After a weekend spent analysing controversial refereeing decisions and off-ball incidents, Gino De Blasio speaks on behalf of the average football lover with anger at the current state of our not so beautiful game.
By Gino De Blasio – @ginodb
Ok, so I think I’ve finally reached my tether. It’s actually really rather easy to get me there, after all, the most common expression used for me is “lots of intensity that De Blasio lad”.
It all started on Saturday night. I was meant to attend a bonfire at a friend’s house, however I was supplied the wrong address and found myself driving around Manchester, getting lost, being stop searched not once but twice and having to replace a tyre in Moss Side. This is not ideal.
In desperate attempts to try and find a digital radio station that could supply the Italian scores, moreover the Milan score, I turned to twitter. My timeline was awash with criticism after criticism. I found myself thanking the divine gods that I didn’t see the match, but then cursing them because I had become further infuriated. It seems once again that a poor linesman decision was marring Milan’s win; I knew the weekend of football controversy was going to start there, I feared it was going to start, I was (unfortunately) to be proven correct.
And so my focus had turned to Sunday’s games. I was anticipating strong contests; I was watching my favourite Italian show and hearing, yet again, that Juventus had been awarded some “trivial” decisions. I knew where this was going before it even happened. I shouldn’t have checked Twitter, instead I did. Within minutes of the final whistle I find fans from every other team criticising the Old Lady, and Old Lady supporters using vitriolic language espousing views and tasteless language that have no place in football.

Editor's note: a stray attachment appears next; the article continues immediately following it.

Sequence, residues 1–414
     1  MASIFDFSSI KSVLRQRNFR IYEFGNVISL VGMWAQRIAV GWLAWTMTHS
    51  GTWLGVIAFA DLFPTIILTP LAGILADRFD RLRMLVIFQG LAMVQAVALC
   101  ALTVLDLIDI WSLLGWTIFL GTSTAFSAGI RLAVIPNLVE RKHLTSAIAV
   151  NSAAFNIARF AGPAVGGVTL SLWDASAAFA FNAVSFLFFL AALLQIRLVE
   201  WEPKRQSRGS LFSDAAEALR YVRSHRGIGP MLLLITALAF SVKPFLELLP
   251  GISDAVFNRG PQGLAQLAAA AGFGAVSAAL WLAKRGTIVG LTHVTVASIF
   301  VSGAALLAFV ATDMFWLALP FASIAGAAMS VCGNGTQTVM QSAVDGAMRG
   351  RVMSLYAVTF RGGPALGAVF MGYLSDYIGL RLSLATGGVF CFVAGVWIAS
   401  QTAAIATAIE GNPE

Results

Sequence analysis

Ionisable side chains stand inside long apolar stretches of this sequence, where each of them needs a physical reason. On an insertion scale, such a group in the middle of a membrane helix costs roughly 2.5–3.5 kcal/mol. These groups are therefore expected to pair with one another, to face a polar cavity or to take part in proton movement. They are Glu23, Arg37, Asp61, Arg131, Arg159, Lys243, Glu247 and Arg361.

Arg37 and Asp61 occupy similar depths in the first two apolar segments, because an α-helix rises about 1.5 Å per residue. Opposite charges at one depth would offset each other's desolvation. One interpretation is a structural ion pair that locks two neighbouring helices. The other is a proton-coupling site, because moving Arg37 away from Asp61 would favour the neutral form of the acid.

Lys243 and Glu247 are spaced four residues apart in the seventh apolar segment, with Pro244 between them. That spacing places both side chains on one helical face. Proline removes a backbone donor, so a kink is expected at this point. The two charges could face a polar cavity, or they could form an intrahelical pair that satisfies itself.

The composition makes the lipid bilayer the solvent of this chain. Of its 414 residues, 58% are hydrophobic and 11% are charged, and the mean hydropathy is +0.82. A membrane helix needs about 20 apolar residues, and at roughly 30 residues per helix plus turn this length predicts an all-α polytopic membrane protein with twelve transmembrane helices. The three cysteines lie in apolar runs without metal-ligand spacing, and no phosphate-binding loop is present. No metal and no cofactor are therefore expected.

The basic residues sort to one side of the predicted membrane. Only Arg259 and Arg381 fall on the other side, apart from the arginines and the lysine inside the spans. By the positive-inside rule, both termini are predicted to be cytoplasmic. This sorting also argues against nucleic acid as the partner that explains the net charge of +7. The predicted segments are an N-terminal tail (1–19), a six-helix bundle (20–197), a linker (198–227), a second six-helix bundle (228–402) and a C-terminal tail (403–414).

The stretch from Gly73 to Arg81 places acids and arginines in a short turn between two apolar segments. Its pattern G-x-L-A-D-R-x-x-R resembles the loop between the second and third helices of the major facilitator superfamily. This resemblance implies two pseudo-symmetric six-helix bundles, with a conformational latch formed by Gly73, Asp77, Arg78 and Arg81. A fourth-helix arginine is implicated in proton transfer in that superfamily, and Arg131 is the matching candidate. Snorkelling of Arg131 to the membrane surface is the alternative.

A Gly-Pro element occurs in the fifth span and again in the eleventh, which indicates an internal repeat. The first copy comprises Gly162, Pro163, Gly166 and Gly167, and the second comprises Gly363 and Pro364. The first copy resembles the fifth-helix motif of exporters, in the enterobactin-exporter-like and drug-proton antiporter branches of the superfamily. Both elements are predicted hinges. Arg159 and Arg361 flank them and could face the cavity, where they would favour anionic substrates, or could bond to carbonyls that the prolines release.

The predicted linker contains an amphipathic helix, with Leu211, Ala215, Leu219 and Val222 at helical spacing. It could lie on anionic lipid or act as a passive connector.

It wasn’t to end their either. No, Chelsea play Manchester Utd, and Mark Clattenburg makes some bad calls. Very bad calls. Once again, Twitter and Facebook was awash with criticism, negativity and radical views in plain sight. And then the news of Mark Clattenburg being investigated for “choice language” was just to compile the misery that this footballing weekend has been.
To top off what could be classed as a horrendous juxtaposition of views, I see Nigella Lawson butchering a risotto and claiming “adding Amaretti biscuits really gives this crumble an Italian twist”. There’s no need for that…
You see, there is something tasteless in the way people behave themselves on social networks. I find that most of the time, people have something called, Twitter-Cajones (or balls to the non-Spanish speaking folk). They will say what they want, when they want, to whoever they want. It’s easy to criticise a ref when we have the comfort of our arm-chair to sit back, rewind and then play merry hell over it. I admit, once or twice, that Twitter-Cajones have got the better of me as well.
The Italian media only ever focuses on bad refereeing decisions, never the game. Each offside is micro-analysed and well, is it any wonder why the fans are so critical? So menacing?
And the English game has been all about trial by media in the last few weeks. I’m not sure how many more times I can take the irony or plain faced cheek of some players and managers.
It’s become exasperating; tiresome and trivial. It’s making me enjoy football less and less. All this negativity needs to stop, until technology comes in to help on ref decisions, until racism and player behaviour is truly dealt with, nothing will change.
But for now, my social media profiles have been put on hold, I will not check them, I have no intention to. If you need to get hold of me, just ask Talking Baws or some of my fellow Italian compatriots on Twitter to drop me a line.
Football has become a bit of a joke, it’s time that we as fans find solutions rather than creating problems for ourselves.
Is football in danger of becoming a joke? What has to be done to bring the positivity back in to the game? Tweet us @talkingbaws or comment below.